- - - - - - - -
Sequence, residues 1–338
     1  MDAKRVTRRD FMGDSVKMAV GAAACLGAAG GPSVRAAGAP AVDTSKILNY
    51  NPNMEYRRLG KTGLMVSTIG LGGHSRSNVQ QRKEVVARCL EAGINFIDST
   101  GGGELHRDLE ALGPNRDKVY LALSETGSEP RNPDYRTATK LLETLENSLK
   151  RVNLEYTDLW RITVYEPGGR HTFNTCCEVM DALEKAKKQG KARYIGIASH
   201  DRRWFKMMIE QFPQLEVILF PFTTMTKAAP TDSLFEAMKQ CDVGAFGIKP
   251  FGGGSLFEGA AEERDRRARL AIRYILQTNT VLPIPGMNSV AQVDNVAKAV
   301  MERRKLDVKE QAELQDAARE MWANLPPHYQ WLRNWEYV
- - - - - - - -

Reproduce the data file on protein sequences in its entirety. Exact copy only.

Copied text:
Sequence, residues 1–338
     1  MDAKRVTRRD FMGDSVKMAV GAAACLGAAG GPSVRAAGAP AVDTSKILNY
    51  NPNMEYRRLG KTGLMVSTIG LGGHSRSNVQ QRKEVVARCL EAGINFIDST
   101  GGGELHRDLE ALGPNRDKVY LALSETGSEP RNPDYRTATK LLETLENSLK
   151  RVNLEYTDLW RITVYEPGGR HTFNTCCEVM DALEKAKKQG KARYIGIASH
   201  DRRWFKMMIE QFPQLEVILF PFTTMTKAAP TDSLFEAMKQ CDVGAFGIKP
   251  FGGGSLFEGA AEERDRRARL AIRYILQTNT VLPIPGMNSV AQVDNVAKAV
   301  MERRKLDVKE QAELQDAARE MWANLPPHYQ WLRNWEYV